Technical Articles relating to Oracle Development Tools and Frameworks

Web Component Techniques - Integrating Components with VBCS Service Endpoints

Duncan Mills


In this article in the Web Components Techniques series I'm going to look at a fairly specialised topic, that of creating components that can call into VBCS Service Endpoints (REST Services managed by Oracle Visual Builder Cloud Service).

Now as a matter of course we try and build components which are totally agnostic of where they will be used, I should be able to use that component both within JET or any JET based UI, including VBCS of course.  As such we might define our component API with properties which work with generic data-types such as Array or the JET DataProvider interface. However, there are cases where this is really not sufficient.  For example, you are building a complex CRUD (CReate Update Delete) screen as a re-usable component.  This will need to keep communicating with the appropriate REST endpoints within the context of the component, rather than just manipulating a set of data and allowing the hosting application to take care of the REST part (Note: this is just a pattern, not the pattern there are various ways for components to behave in these scenarios, there is no one-size fits all approach). 

So how could we accomplish this? Well of course you could have the component take a URL to the endpoint as a property and then it can make the XMLHTTP requests internally, but the problem with that approach is that your component becomes responsible for managing any headers and security tokens that might be required, and, as it will be making a direct connection to the endpoints there may be more CORS configuration to be done on the server end to allow that communication. We also have to consider little inconveniences such as the fact that the endpoints may move between testing and production.  In this article, however, we'll be looking at a more satisfactory approach where we get all the flexibility of being able to re-use existing REST endpoints that VBCS has defined already, combined with the ability to make as many calls as required to those endpoints throughout the components operational lifecycle. Because the REST service definition and communication is managed by VBCS we can safely ignore security and endpoint relocation issues because VBCS will be handling all that for us. 

The REST Helper API

So in this article I'll be using the VBCS REST Helper API.  Internally this is the same API that the VBCS runtime uses for it's REST calling actions and the Service Data Provider variable types.  It provides a simple way to call a REST service using the abstract service and endpoint name to reference it.  The precise details of the authentication and actual URL of the endpoint are hidden from us behind that service definition so the code can remain clean and does not have to be cluttered up with concerns such as setting security tokens or having URLs move over time. 

The illustrate this I'll use a very simple REST API provided by GITHub - https://api.github.com/licenses/{license} (you can try this in your browser using this to see what it returns). What I'll do is create a simple component that makes a call to this API to get the license text detail for a given license name.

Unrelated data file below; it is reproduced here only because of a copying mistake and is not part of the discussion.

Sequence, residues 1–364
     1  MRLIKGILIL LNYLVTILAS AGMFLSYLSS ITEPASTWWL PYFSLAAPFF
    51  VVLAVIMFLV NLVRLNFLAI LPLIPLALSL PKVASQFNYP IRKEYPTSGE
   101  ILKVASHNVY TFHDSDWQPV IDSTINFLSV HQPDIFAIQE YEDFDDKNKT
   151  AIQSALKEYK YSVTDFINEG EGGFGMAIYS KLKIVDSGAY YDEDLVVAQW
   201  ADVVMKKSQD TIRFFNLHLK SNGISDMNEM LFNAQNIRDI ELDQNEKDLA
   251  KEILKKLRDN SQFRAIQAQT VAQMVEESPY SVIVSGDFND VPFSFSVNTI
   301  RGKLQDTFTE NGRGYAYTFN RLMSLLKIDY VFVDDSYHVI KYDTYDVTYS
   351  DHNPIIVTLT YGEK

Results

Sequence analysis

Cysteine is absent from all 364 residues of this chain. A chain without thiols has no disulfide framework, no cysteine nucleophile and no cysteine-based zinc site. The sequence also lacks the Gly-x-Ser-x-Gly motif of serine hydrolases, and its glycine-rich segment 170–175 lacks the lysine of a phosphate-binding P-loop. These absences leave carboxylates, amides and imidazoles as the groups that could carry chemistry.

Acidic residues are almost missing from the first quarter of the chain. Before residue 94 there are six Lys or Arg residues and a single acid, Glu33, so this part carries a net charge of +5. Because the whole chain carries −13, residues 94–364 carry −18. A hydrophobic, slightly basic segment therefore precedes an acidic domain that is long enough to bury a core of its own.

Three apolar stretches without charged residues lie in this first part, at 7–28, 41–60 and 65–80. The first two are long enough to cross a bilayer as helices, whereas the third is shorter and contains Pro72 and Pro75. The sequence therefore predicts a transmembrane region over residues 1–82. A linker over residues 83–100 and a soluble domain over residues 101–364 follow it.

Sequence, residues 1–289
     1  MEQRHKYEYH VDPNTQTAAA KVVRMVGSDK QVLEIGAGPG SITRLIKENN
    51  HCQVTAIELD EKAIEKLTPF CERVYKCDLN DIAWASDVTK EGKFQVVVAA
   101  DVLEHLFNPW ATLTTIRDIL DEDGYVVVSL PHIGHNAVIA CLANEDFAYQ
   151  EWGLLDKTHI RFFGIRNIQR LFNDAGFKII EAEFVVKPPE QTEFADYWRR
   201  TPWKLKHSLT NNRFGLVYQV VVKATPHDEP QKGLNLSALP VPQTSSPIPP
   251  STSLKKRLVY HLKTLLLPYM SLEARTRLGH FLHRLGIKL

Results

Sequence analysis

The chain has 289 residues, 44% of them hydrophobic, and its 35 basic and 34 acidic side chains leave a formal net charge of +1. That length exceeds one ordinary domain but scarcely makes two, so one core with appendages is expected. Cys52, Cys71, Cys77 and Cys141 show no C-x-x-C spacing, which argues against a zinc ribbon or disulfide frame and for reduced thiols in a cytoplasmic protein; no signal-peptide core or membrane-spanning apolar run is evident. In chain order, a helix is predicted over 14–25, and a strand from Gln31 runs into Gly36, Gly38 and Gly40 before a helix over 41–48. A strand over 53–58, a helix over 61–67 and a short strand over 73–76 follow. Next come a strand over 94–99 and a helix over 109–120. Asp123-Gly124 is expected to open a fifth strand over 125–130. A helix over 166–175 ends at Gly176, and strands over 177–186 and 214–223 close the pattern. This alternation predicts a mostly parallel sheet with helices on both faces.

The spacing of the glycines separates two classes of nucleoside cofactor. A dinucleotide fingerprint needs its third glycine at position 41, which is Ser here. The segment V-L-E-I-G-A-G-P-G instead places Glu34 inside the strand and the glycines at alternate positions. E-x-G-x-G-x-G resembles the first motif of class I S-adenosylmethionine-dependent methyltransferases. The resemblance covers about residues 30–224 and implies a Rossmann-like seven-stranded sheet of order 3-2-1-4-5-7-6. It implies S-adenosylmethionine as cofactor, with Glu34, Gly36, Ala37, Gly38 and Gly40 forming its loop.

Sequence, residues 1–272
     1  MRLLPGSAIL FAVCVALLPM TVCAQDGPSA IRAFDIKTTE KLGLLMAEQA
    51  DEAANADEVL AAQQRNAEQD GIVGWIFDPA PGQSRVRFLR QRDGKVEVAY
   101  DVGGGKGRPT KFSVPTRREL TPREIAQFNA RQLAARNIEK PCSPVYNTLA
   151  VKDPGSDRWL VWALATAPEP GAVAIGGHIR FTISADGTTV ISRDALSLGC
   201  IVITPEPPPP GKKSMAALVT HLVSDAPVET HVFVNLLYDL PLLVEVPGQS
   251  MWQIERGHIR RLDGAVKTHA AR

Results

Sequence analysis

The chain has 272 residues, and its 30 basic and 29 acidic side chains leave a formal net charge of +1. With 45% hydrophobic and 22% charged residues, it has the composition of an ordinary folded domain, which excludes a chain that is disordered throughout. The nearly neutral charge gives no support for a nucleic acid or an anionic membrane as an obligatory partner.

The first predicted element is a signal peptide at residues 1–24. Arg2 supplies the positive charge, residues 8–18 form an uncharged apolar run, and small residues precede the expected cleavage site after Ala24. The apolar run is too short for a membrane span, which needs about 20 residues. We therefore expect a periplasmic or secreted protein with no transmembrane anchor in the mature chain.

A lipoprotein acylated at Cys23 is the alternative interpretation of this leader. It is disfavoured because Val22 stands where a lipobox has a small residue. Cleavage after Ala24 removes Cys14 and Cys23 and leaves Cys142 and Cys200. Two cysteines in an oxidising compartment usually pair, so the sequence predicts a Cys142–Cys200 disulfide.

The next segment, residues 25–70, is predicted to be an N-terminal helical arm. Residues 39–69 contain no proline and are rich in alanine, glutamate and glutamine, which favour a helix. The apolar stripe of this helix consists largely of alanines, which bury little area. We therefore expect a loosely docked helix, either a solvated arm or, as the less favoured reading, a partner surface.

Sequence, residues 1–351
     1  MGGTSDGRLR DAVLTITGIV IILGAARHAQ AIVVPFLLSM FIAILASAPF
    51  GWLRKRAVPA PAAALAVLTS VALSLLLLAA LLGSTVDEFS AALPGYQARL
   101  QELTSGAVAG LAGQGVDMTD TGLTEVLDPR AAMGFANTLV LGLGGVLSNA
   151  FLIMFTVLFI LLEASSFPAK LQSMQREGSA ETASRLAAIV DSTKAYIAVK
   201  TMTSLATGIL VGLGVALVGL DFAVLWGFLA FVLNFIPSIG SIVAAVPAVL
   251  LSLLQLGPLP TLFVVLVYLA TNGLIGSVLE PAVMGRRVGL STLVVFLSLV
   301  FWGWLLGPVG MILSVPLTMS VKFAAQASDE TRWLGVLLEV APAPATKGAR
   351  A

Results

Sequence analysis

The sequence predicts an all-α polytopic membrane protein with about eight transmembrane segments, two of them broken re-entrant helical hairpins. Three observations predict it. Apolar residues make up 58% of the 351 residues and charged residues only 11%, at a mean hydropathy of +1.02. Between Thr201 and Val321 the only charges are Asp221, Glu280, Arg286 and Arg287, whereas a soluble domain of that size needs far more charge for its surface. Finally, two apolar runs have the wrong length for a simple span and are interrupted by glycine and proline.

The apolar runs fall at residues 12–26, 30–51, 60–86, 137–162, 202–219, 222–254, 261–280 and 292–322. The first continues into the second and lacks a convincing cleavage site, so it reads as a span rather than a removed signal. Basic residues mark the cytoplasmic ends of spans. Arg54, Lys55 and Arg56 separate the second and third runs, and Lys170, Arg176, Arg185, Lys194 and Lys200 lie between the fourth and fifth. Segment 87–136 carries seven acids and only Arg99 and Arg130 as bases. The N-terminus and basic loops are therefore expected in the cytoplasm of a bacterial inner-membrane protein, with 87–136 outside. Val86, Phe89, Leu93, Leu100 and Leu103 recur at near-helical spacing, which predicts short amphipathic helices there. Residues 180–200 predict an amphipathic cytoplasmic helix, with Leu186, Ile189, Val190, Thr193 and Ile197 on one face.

Step 1 - Define the Service in VBCS

The first thing that we have to do of course is to define the above endpoint. I've chosen a service here that you'll all be able to get to and one which does not require any API Keys or other authorisation, just to keep things simple and easy for you to have a go at. 

We start by defining a new Service Connection:

Create service defintion in VBCS

Choose Define By Endpoint:

Define by endpointAnd define the service + endpoint:

Defining the endpointAnd press Next:

Endpoint DetailHere of course we would usually define the authentication as well, however, in this simple example we can skip that.  However, do pay attention to the Service ID field. You will need this ID later when you come to call the service. You can change the value of you wish or use the default ID as generated.  I'll use the default value of apiGithubCom here.

Next we go the the Test tab and make sure that we're getting the data we expect with an example license e.g. MIT:

Testing the endpointAt this point we press the Copy to Response Body button to describe the basic shape of the response payload and we're done so we can press the Create button.

Once the create is done, re-select the service and endpoint and make a note of the Endpoint ID as shown here. Again you can change this if you wish and I've updated mine from the default value of "getLicensesLicense" to the more readable value of getLicense.

Confirm the endpoint id

Step 2 - Make Sure the Service is Consumed

This is the step that developers often forget and in doing so spend a lot of time trying to work out why the REST Helper is not working.  In Step 1, I just defined the service and the endpoint that I needed.  I did not, however, associate it with the application that I want to use it from.  Remember that in a VBCS project you might have several Web and Mobile applications, so there is no assumption that every service will be used in every project.  Now normally, if you are using a given endpoint in the default manner, e.g. you create a Service Data Provider that uses it, or you create an Action Chain that calls it, then VBCS design time will automatically map the service as being used in the process.  However, if you're only using this endpoint programatically then you have to ensure this mapping yourself.  There are two ways of doing this: